Smallville/Angel (1999 - 2004) "No tights, no flights" is the much-repeated quote from the creators of Smallville, a retelling of the youthful Superman story that's been given the full-court… 2004-05-19 Drama Sci-fi and Fantasy David Boreanaz Charisma Carpenter Alexis Denisof Glenn Quinn J. August Richards Amy Acker Eliza Dushku Andy Hallett Christian Kane Mark Lutz James Marsters Stephanie Romanov Vincent Kartheiser Joss Whedon WB
Review

Smallville/Angel (1999 - 2004)

''No tights, no flights'' is the much-repeated quote from the creators of Smallville, a retelling of the youthful Superman story that's been given the full-court WB press: a chiseled star (super-cheekboned Tom Welling) who feels alienated in two senses (he's from another planet, like the hero of Roswell, and he feels like ''a total loser'' in his hick-town high school) yet who attracts a fabulous-looking girl (sparkly Kristin Kreuk as Lana Lang). Although he demonstrates superstrength and superspeed, Welling's Clark Kent won't don the famous cape and body-sock to do the it's-a-bird-it's-a-plane thing, either because it's a worn-out gesture after all those Superman movies and TV shows, or because it'd superinflate the show's budget.

In any case, Smallville's Kent now takes his place beside the hero of another WB show, Angel, as a noncostumed, extra-powerful but appealingly humble slice of beefcake. (If this superhero parallel seems strained, let me point out that Angel -- and Buffy the Vampire Slayer -- creator Joss Whedon has said of David Boreanaz's Angel, ''If I had to [make a comparison to] a superhero, Batman would probably get the nod.'')

Where Whedon built his fantasy world from scratch, the creator-producers behind Smallville, Alfred Gough and Miles Millar (Shanghai Noon), had to, if anything, considerably scale back their hero's complex mythology. Over the years, DC Comics has told and retold the Superboy tale in a number of different ''origin stories,'' and comic-book aficionados will have their quibbles about this new version. For the general viewer, though, Smallville is smart, tart, and tidy: Jonathan and Martha Kent (The Dukes of Hazzard's John Schneider and Superman III's Annette O'Toole) find a toddler in the rubble of a meteor shower; he grows into a strapping teen who flirts with cheerleader Lana while nursing guilt over the fact that the crash debris caused by his flight from planet Krypton killed her parents.

Smallville plays up adolescent loneliness and cruelty. In the premiere, that resulted in an eerie sight: Each year, we're told, the high school football team, the Crows, chooses an unlucky freshman ''scarecrow'' -- a stripped figure with a Smallville ''S'' painted on his chest, tied to a wooden cross. The imagery was multi-allusive: the ''S'' like the one on Superman's suit; the pose from the Crucifixion. But the scene -- used in print ads to promote the show -- also evoked the memory of Matthew Shepard, trussed up and left to die in Wyoming because he was gay. The episode even included a line questioning Clark's sexuality; his straightness was quickly reaffirmed. (A previous ''scarecrow,'' played by Adrian McMorran, became the pilot's vengeful villain.)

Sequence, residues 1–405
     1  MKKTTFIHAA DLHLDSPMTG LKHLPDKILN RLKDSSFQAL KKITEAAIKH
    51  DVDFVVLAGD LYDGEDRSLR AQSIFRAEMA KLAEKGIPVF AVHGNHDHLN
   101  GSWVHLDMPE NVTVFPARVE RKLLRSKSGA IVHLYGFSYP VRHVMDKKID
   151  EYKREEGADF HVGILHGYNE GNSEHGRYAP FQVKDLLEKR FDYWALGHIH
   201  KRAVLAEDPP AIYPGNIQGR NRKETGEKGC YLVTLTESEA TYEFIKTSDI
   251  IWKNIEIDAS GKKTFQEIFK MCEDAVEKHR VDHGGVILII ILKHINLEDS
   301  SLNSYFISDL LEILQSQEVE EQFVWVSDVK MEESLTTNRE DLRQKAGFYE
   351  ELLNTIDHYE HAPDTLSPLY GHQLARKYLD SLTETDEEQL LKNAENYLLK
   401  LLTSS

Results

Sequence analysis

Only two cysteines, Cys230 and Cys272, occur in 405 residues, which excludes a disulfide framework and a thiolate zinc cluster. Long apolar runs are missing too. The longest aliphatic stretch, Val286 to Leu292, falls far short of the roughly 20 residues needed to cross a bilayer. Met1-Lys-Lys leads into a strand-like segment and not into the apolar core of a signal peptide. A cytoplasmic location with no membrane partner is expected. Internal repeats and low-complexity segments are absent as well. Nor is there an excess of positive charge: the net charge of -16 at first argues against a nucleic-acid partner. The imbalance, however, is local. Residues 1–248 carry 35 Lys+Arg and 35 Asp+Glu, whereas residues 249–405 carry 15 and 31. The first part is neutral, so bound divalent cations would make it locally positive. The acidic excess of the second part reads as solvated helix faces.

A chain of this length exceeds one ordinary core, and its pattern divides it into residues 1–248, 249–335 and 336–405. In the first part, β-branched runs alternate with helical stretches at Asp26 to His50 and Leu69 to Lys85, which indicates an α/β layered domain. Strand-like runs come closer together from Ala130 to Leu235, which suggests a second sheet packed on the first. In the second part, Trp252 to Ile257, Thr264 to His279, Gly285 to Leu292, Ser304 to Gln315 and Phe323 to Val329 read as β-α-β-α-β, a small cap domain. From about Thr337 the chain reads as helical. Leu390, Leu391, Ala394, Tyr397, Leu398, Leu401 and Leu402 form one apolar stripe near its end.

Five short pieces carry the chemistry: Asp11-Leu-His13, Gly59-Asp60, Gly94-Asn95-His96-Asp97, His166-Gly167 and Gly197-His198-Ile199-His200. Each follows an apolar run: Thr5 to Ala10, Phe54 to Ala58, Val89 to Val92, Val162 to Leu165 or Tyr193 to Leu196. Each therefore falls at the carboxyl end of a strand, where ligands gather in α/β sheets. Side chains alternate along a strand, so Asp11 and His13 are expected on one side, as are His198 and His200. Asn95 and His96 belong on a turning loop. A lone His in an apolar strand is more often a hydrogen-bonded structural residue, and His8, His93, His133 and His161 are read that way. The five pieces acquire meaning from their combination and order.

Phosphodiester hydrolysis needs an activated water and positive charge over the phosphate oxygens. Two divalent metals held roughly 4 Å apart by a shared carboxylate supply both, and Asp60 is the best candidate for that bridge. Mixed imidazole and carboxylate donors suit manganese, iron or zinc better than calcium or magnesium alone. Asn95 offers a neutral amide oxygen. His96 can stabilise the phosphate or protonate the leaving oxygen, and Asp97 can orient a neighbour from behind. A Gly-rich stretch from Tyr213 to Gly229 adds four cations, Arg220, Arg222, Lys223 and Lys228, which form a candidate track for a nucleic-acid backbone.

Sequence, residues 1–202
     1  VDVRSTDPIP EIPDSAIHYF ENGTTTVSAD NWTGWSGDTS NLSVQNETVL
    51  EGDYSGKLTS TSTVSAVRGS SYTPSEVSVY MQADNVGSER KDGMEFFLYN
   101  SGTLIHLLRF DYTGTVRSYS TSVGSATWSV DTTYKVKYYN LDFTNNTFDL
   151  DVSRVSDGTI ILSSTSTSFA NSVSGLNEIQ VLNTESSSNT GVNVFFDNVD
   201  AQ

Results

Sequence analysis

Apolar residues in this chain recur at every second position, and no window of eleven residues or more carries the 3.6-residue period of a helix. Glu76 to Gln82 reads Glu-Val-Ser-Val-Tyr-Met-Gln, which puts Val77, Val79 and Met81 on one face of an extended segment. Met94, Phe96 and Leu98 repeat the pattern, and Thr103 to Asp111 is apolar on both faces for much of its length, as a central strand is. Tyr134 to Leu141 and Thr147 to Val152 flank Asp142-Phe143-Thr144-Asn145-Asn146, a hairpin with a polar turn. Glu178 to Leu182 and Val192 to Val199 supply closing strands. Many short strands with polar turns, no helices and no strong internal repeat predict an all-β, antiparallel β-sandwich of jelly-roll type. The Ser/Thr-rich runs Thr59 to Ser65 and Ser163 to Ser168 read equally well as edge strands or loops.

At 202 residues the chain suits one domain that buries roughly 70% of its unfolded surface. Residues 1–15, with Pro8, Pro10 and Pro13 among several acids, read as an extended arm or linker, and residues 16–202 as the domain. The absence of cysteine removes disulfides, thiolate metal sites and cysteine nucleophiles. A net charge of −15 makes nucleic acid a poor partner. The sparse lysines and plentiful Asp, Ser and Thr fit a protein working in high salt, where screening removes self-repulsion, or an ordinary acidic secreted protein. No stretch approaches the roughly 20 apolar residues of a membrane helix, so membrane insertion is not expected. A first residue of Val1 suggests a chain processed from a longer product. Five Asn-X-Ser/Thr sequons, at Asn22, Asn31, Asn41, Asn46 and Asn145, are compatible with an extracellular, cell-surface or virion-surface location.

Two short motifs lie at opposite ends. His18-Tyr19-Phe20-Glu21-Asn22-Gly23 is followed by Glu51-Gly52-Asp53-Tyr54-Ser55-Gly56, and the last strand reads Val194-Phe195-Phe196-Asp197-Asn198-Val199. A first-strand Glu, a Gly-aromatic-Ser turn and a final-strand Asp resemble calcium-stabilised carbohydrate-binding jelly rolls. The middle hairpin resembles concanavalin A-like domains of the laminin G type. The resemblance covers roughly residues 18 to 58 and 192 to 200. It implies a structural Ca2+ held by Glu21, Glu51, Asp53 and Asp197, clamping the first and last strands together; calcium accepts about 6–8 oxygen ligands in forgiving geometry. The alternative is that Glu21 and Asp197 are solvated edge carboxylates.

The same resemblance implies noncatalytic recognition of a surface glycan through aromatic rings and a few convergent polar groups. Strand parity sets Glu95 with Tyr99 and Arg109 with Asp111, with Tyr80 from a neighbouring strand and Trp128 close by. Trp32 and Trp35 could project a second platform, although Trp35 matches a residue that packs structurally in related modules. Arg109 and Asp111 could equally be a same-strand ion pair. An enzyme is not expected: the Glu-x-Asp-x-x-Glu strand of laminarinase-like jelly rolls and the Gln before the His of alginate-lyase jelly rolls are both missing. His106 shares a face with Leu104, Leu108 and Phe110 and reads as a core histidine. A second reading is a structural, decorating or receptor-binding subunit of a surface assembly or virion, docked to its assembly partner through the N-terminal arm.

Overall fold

That troubling echo aside, Smallville seems capable of becoming an intriguing mix of teen angst and bright adventure. By contrast, the new season of Angel is both Batman-dark and sly fun. What began as an awkward Buffy spin-off now has, under the guidance of exec producer David Greenwalt, its own tone, embodied by Boreanaz's relaxed L.A.-hipster vampire-detective: He's become the Dean Martin of bloodsuckers, and I mean that as a compliment.

Gone, mercifully, is last season's awkward love interest, a vacuous cop played by Elisabeth Rohm, who's now dragging things down on Law & Order. The show's core team -- Angel, sassy assistant Cordelia (Charisma Carpenter), Brit ''Watcher'' Wesley (Alexis Denisof), and Gunn (J. August Richards), an African-American vigilante whose race is occasionally pivotal in some of the show's best plots -- has been joined by the frail Fred (Amy Acker), whom Angel rescued from another dimension and who's still recovering from the breakdown resulting from her captivity.

Together, they solve crimes and each other's problems, with moments of comic relief. The Oct. 15 episode, in which an old man switched bodies with Angel, gave Boreanaz the chance to play an evil Angel with lascivious wit. Angel remains a brooding hero, and the writers have also tapped into a Batman-like wryness, as well as a scary pleasure taken in pummeling bad guys. The WB used to do Buffy-Angel crossovers that are probably impossible now that Buffy's gone over to the UPN dark side. May I suggest a Superboy-Angel team-up? After all, when Superman and Batman united in comic books, they called the series World's Finest. That might describe the result on TV, too. Smallville Grade: B; Angel Grade: B+

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Originally posted Nov 02, 2001 Published in issue #623 Nov 02, 2001 Order article reprints